• Do a short-term challenge. Sometimes you need a challenge to kickstart your good workout habits. One of my friends from college suggested doing a 3-month challenge to workout everyday. Every day we logged our workout in a shared Google doc. Anytime we didn’t workout, we had to pay $1 into a collective pool that would go to the winner of the challenge (i.e. the person or people who worked out the most). This was a fun way to stay in touch and to challenge each other to get moving each day. Another added perk was that we each posted what we did to workout (Pure Barre, Orange Theory, a Tone-It-Up session online, a 10 minute ab intensive, a run). This helped us to get creative ideas for how to mix up an otherwise potentially monotonous workout routine. It also served as a reminder that there is more than one way to get moving and increase our physical fitness.
  • Post on social media about your goals. I have found it remarkably helpful to have support from a community to stick to my goals. What is the phrase? It takes a village. 🙂 You might not always have a friend group ready to hop on a short-term challenge, so sometimes you may need accountability for those longer-term goals. I do this by posting on my Instagram Stories about my workouts. In those posts, I’ll post a photo (some more flattering than others) ;), the workout # I have completed out of 15, and the type of workout I completed. In doing so, I feel like I have my whole IG community behind me when I go to workout. It’s as satisfying as checking an item off of your to-do-list. Trust me!

3. Pick a workout form that you are excited to do on a regular basis.

This is pretty commonsense, but if you hate the workout you’re doing, you’re less likely to stick to it.

I have many friends who absolutely adore running. Some people love cycling, while others love barre. Some like CrossFit and weight lifting, while others prefer to stick to cardio. These days, there truly is something out there for everyone (and their goals). The one workout that consistently brings me joy is Pure Barre. I love the structure of classes, and the fact that classes remind me of some of the methods from my days training to be a ballerina. The routine is predictable, but not mundane. I’ll wake-up early or push dinner to later in the evening just to squeeze in a class. In other words, I’ll make sacrifices to ensure that Pure Barre happens because I feel better when I take class.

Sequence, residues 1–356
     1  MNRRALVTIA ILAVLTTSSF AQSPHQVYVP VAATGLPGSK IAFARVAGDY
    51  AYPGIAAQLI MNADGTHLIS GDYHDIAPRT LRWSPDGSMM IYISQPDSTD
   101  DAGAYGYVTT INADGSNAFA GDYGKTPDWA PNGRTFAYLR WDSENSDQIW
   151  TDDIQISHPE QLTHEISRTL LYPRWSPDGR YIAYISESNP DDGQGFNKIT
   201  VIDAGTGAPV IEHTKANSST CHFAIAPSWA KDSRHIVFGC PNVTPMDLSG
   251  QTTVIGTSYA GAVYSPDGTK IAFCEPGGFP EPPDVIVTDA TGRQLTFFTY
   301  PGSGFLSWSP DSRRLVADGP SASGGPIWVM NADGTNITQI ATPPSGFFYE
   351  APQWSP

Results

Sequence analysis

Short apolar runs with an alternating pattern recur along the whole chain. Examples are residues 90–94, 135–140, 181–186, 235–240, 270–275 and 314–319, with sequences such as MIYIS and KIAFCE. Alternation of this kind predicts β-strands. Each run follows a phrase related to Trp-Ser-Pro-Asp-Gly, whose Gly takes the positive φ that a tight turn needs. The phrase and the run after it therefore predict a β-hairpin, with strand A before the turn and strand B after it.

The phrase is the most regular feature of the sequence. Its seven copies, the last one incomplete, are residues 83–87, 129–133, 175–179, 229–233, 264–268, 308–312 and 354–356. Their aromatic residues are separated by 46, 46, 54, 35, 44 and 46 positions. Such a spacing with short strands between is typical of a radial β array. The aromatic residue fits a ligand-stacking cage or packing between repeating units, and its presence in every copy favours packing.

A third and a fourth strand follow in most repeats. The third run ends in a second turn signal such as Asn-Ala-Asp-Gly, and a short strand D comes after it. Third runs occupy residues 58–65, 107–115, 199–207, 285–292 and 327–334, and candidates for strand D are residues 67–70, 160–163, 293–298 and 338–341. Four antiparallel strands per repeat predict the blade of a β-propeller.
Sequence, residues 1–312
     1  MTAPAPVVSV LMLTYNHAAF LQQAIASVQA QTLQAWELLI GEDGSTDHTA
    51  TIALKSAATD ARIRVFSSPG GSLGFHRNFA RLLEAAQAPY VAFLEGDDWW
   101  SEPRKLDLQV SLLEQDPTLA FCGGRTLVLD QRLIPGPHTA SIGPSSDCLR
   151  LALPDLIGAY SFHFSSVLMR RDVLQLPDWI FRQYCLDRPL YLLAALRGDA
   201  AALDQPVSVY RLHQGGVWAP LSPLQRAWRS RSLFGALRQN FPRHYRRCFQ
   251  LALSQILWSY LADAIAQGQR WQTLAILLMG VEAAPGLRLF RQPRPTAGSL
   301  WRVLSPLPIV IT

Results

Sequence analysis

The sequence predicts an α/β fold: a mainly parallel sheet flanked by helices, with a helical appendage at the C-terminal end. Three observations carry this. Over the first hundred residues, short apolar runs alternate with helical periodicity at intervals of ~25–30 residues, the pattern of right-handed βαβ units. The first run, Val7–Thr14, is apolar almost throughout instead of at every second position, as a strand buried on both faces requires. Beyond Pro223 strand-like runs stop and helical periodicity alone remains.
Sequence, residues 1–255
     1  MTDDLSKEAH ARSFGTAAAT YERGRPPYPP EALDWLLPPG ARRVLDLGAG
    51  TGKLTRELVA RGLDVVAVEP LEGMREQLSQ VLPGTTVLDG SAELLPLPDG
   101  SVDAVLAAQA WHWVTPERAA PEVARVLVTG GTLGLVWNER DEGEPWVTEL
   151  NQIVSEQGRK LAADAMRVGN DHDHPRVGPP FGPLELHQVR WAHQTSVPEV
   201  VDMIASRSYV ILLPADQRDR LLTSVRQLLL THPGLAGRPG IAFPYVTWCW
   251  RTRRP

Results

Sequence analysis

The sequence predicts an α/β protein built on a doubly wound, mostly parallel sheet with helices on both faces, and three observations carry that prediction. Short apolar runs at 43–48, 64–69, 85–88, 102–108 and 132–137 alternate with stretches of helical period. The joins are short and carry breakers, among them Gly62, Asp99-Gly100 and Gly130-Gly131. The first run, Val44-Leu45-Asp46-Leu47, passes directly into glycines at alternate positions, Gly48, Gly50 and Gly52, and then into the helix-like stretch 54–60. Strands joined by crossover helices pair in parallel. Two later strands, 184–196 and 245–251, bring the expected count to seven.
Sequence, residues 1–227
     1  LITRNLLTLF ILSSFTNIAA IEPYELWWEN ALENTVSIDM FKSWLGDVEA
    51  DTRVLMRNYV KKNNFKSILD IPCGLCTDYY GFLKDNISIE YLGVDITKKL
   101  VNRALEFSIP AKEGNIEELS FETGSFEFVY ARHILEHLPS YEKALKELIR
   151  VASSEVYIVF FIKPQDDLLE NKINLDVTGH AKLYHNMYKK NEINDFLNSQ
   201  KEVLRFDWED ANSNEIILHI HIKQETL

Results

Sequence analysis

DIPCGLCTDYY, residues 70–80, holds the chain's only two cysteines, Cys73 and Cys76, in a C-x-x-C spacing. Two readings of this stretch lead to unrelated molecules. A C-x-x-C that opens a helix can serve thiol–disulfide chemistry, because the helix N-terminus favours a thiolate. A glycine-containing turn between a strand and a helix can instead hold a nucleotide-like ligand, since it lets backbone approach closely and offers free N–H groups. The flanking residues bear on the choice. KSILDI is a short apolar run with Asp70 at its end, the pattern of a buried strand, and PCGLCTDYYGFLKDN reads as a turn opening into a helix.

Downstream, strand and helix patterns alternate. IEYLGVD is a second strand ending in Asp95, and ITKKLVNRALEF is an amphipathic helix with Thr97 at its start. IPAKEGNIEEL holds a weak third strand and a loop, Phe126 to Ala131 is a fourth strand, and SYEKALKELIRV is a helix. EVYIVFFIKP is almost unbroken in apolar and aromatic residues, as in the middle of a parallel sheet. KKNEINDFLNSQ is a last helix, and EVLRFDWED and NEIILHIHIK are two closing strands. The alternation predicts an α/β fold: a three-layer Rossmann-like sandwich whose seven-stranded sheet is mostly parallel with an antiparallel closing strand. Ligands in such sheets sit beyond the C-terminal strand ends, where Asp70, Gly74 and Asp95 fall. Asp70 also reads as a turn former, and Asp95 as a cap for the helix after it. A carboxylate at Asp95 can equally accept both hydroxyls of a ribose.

Finding what works for you may mean deferring setting a goal to figure out what types of workouts bring you most joy. Once you’ve settled on one or two workout variations, set goals that are manageable considering the demands of the workout you’ve chosen. Some workouts demand more rest time than others (that’s okay!). Calibrate for your needs and the demands of the workout.

Finally, different seasons may require different workouts. When I’m really stressed out, rather than doing a strenuous and lengthy Pure Barre workout or go for a run, I will often default to yoga, or a shorter intensive ab workout, that gives my mind and body the space to still move, but not create an additional burden during a busy day or season. That’s a huge component of setting flexible goals. There should be room to calibrate on a daily, weekly, and monthly basis to meet your body’s needs.

I hope that this piece is a good starting place for managing and setting fitness goals. Whether you’ve stayed true to fitness goals you set in January or are looking for a new challenges in the second half of the year, I hope you’ll give some of these suggestions a try.

Have more questions about setting goals and sticking to them? Drop a question in the comments below and I will be sure to answer them in a future installment on physical fitness.

Cheers loves,


For while bodily training is of some value, godliness is of value in every way, as it holds promise for the present life and also for the life to come. ~ 1 Timothy 4:8